Fandom

The Wire

Corner Boys

624pages on
this wiki
Add New Page
Talk1 Share

Ad blocker interference detected!


Wikia is a free-to-use site that makes money from advertising. We have a modified experience for viewers using ad blockers

Wikia is not accessible if you’ve made further modifications. Remove the custom ad blocker rule(s) and the page will load as expected.

"Corner Boys" is the eighth episode of the fourth season The Wire. The episode was written by Richard Price from a story he co-wrote with Ed Burns and was directed by Agnieszka Holland. It originally aired on November 5, 2006.

Guest Starring rolesEdit

Episode RecapEdit

SchoolEdit

Roland "Prez" Pryzbylewski takes his second class of the day. He sets them a problem requiring division of apples between people. Randy Wagstaff is distracted by his classmate Calvin. Prez asks Calvin the answer and Calvin guesses correctly. He explains his rationale to the class – Prez marked the correct answer on the blackboard for the earlier class.

In the special class the corner kids are subdued. They have realized that whatever their behaviour they are stuck in school. Their teacher quizzes them about their views of themselves. Namond Brice explains that they are players in "the game." Albert Stokes says he hopes to be a kingpin in two years. The teacher has them write down where they see themselves in ten years. Namond and Markeith say they will end up dead. Albert changes his ambition – he wants to be a paediatric neurosurgeon like Ben Carson. Kwame and Darnell Tyson hope to join the NBA. Howard "Bunny" Colvin expresses his respect for the teacher to David Parenti and learns that she is a doctoral candidate in sociology. When Namond is caught with a magazine and denies ownership, Colvin recognizes the excuse from his police days and tells the class that he thinks they see school as a safe environment to practice for life on the corner. He asks them what they think makes a good corner boy and they enthusiastically bombard him with suggestions.

After school Randy walks home with Michael Lee and his younger brother Bug. Michael quizzes Randy about how he was able to return to school and Randy keeps quiet about his involvement with the police. Michael warns him about getting involved with authority figures. Randy tells him it doesn’t matter as his foster mother, Miss Anna, now has him on a short leash. Michael points out that Randy is lucky to have a leash at all.

The next day Prez takes his class through their state mathematics test – Calvin and Charlene struggle with the change in the particulars from their practice work but Duquan "Dukie" Weems is able to apply the skills he learned to the new problem. When he tries to explain it to Charlene she storms out of the classroom.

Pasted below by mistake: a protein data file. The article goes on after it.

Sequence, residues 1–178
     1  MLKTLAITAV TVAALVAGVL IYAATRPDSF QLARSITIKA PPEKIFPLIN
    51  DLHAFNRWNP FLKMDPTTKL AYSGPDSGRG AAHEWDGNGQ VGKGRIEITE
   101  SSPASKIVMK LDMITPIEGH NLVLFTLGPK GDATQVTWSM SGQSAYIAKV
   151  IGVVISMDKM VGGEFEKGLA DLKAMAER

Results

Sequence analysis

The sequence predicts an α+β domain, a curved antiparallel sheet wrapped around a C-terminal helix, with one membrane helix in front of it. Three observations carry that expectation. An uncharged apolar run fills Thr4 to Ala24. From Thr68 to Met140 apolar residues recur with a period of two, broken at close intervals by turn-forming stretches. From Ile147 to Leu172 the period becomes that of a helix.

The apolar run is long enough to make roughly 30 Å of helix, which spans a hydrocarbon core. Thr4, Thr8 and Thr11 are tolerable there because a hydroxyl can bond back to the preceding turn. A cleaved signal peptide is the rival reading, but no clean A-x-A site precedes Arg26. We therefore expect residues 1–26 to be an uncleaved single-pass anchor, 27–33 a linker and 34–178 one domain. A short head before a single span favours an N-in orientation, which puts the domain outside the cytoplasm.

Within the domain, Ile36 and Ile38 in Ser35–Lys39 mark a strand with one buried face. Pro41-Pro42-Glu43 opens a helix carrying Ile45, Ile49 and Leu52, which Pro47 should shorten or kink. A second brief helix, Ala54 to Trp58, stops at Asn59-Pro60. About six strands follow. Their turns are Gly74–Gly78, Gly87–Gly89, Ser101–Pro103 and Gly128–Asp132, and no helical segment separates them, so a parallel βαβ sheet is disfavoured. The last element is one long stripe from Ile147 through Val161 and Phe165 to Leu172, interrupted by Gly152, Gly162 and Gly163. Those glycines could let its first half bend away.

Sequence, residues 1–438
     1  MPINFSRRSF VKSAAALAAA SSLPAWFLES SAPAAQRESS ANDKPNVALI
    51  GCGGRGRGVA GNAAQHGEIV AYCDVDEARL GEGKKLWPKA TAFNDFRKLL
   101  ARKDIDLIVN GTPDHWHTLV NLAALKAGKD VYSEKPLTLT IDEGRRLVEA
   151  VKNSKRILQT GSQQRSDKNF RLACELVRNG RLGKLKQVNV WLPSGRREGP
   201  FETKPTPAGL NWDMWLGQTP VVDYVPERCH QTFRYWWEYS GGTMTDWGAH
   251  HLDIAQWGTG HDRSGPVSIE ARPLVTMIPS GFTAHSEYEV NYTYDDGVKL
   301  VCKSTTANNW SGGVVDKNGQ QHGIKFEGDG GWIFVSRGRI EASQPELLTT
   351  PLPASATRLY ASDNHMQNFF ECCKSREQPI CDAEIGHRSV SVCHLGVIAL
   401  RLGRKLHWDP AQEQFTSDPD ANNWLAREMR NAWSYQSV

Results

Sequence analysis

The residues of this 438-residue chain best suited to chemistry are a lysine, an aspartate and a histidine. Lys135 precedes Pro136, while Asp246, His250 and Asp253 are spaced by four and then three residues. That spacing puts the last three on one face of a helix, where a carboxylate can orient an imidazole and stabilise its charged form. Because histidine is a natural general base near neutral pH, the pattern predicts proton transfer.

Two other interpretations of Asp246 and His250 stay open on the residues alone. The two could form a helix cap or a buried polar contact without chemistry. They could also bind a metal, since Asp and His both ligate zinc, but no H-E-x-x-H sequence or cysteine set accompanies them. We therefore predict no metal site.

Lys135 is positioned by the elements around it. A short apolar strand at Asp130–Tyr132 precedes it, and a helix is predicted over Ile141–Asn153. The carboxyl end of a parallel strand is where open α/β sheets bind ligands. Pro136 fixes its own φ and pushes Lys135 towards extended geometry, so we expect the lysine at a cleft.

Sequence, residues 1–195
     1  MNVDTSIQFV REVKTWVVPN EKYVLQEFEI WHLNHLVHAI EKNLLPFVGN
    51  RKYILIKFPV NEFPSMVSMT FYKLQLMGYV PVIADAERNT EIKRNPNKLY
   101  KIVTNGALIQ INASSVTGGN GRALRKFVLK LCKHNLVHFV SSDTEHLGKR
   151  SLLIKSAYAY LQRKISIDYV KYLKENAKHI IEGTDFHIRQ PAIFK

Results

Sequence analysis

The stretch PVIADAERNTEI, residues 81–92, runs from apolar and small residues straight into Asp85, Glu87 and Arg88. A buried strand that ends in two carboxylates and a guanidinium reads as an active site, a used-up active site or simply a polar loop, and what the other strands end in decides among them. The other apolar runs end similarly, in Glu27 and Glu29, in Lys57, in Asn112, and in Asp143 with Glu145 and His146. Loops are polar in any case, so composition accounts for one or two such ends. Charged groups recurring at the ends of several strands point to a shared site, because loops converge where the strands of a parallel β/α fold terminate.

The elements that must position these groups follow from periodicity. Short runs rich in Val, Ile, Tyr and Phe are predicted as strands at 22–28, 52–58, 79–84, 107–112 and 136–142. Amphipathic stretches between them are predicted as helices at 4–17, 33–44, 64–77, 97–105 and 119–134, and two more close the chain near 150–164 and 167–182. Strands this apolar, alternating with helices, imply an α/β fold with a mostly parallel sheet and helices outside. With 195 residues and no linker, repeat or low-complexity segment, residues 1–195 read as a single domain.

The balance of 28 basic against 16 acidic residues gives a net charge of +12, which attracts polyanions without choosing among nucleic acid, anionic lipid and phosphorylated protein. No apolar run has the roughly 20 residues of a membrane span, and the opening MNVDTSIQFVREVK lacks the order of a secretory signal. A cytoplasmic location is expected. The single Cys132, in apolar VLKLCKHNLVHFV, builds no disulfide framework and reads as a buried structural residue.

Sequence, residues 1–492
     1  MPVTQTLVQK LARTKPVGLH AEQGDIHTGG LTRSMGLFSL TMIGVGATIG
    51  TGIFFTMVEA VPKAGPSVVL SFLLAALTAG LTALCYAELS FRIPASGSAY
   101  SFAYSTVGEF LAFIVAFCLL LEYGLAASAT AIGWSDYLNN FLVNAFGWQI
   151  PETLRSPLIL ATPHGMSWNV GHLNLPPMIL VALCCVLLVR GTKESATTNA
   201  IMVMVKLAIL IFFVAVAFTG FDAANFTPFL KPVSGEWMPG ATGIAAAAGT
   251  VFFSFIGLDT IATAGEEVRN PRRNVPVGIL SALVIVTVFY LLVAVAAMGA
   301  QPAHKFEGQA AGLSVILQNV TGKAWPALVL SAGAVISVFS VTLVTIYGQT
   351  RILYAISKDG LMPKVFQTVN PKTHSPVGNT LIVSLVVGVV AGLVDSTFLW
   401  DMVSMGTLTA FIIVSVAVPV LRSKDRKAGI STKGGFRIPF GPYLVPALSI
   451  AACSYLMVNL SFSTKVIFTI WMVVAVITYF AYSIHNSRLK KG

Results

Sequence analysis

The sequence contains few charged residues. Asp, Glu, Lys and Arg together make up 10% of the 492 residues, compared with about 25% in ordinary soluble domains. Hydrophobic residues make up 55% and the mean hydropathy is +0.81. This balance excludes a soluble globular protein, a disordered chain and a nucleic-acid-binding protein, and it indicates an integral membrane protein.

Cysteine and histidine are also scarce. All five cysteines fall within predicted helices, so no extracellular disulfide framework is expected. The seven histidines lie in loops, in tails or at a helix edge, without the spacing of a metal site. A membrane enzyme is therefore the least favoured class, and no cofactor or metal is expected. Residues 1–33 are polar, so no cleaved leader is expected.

Meanwhile Colvin continues his discussion of what makes a good corner boy with the special class. Namond and Kwame are emphatic about the need to prevent your people stealing from you because otherwise their thieving will spiral out of control. Zenobia Dawson is insistent that a beating for anyone caught is the way to prevent stealing. Darnell suggests that proof is needed before a beating – instead he suggests making the worker pay you back and if they complain you known they are stealing. Colvin asks why the beating is necessary and Darnell and Markeith tell him that someone is always watching on the street and you cannot appear weak.

Namond tells Randy and Michael about the discussion on their way home from school. Michael asks Namond if he is coming to the gym and Namond tells him he has to work on selling off the rest of his last package. Dukie remains in class after school playing on the computer. When De'Londa Brice catches her son Namond working on his package in his bedroom she angrily tells him that the police could seize their house if the drugs are found there and insists he hand the task on to a lieutenant.

Michael gets home to find that his mother has sold his grocery shopping for drug money. He gives her just ten dollars when she tells him she is going out and she threatens to take the DSS card from him. He calls the bluff and insists on keeping the card. When Michael gets home from the gym, Bug tells him that his father has returned. Michael is dismayed and repulsed when the man goes to touch him. He shares a disbelieving glance with his mother. Michael confronts his mother, telling her that she has broken her promise by allowing Bug’s father to return. She is unconcerned and tells Michael that things are going back to the way they were. Michael is stunned and she tries to comfort him by saying that people change. She tells Michael that Bug’s father will now hold the DSS card.

In class the next day an energised Namond raises the hypocrisy of a system that promises to reward him for good behaviour when it fails to live by its own rules much of the time – he states steroids, liquor, cigarettes and Enron as examples. Darnell points out that Colvin's work as a police officer focused on drugs so in a way drugs paid his salary. Zenobia claims that the street life is just part of the larger system.